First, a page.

Twitter co-founder Biz Stone today decided to offer some business advice for Facebook: launch a premium subscription service. For $10 a month, Stone figures the company could get rid of ads on its site for those willing to pay to go “premium.”

Stone starts off by saying that he joined Facebook fairly early, but screwed up the experience for himself by “heedlessly accepting every incoming request” until his account was too busy he couldn’t keep up. With all the various features the company added since, he was simply too overwhelmed and never bothered to use it much.

Now that he has hired some former Facebook employees to work with him at his new startup Jelly, however, he’s started using it again. In fact, he got help changing his settings and is now “keeping up with friends and family on Facebook like a billion other people.”

Stone then notes that Facebook users actually love the service and tolerate the ads because they let it remain free. Despite this fact, he then launches into his pitch:

Anywhoo, now that I’m using it and thinking about it, I’ve got an idea for Facebook. They could offer Facebook Premium. For $10 a month, people who really love Facebook (and can afford it), could see no ads. Maybe some special features too. If 10% percent of Facebook signed up, that’s $1B a month in revenue. Not too shabby.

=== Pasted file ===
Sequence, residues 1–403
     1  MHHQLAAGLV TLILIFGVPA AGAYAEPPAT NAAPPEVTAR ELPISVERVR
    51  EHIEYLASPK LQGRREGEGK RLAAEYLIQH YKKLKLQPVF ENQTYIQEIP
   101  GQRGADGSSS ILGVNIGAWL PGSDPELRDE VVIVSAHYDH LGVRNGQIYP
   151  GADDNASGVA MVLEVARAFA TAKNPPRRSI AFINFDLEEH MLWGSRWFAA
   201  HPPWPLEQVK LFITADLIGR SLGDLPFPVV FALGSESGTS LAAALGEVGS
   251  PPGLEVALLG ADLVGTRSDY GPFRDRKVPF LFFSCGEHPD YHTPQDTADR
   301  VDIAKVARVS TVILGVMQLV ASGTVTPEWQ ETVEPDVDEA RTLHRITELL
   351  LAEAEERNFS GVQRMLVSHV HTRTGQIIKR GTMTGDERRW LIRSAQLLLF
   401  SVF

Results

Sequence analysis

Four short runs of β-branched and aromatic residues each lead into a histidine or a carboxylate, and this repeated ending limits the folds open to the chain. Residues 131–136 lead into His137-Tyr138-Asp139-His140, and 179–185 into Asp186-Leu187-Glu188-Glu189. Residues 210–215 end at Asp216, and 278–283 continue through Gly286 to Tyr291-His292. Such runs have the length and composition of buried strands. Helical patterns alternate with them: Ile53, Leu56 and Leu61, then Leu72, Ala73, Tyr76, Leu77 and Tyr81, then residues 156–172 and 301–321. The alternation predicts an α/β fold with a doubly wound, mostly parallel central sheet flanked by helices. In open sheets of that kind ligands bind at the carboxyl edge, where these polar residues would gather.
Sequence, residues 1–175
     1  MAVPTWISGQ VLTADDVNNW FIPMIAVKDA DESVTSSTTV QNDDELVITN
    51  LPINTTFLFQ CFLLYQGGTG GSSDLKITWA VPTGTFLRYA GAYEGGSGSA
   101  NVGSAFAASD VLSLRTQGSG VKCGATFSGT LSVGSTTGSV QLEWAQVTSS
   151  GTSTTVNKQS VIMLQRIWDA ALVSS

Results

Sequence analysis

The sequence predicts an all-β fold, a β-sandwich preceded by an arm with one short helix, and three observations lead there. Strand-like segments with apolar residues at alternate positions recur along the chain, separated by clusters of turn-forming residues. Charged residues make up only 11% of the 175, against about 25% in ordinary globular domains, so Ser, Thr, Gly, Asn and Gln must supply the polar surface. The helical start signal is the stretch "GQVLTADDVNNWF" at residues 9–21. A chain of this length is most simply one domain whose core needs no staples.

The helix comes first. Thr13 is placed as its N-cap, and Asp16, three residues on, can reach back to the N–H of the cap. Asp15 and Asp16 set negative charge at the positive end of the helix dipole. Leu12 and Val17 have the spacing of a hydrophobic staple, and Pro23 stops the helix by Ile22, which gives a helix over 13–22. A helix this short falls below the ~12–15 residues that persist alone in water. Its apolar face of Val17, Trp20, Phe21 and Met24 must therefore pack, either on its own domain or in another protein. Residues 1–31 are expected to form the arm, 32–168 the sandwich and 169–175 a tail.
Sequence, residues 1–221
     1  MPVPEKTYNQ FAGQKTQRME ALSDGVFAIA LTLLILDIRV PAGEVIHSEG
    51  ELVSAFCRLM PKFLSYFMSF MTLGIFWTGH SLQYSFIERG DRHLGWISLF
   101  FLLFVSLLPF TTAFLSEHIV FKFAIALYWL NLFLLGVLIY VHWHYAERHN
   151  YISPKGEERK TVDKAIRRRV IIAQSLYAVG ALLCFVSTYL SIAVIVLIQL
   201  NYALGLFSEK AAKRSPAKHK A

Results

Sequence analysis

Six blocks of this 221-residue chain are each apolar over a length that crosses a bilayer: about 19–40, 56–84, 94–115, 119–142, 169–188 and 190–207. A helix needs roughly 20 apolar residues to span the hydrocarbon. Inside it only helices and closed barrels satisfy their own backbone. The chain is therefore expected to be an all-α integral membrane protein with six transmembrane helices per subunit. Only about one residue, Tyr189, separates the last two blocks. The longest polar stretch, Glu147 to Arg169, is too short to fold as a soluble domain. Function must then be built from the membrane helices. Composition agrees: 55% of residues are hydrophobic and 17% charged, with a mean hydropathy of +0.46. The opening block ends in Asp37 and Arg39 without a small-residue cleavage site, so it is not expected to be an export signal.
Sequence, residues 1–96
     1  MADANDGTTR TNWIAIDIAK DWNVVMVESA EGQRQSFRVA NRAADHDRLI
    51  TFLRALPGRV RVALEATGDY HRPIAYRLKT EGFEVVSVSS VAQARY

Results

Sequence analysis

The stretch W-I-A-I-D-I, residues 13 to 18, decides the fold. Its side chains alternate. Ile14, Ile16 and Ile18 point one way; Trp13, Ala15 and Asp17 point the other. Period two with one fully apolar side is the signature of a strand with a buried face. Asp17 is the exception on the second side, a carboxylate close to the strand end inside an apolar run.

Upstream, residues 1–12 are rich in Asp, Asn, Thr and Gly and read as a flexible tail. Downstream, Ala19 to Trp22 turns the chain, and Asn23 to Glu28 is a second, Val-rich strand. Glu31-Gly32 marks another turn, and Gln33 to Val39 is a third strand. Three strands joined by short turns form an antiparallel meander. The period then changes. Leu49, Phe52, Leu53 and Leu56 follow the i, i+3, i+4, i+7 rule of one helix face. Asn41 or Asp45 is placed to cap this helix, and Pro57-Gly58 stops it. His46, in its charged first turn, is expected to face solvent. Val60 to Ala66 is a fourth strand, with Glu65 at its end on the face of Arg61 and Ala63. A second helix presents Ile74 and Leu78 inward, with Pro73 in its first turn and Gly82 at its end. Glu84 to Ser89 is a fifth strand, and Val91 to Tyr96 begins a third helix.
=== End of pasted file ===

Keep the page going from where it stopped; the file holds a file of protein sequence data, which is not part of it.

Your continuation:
It’s a different type of company, but by way of validation, have a look at Pandora’s 1Q14 financial results. Of all Pandora’s revenue generators, the highest growth year-over-year by far (114% growth rate) is in subscriptions—people paying a monthly fee for an ad-free experience. So there you have it. “Fuck yeah.” Right?

Given that Twitter was always staunchly opposed to offering a premium service, and Stone knows Facebook is no different, this is quite surprising. The two social networks may be opposites in some respects, but if they have one thing in common, it’s that they prefer monetizing via ads rather than by charging their users. In fact, Facebook has gone further than Twitter and even promises on its homepage: “It’s free and always will be.”

Top Image Credit: Brendan Smialowski / Getty Images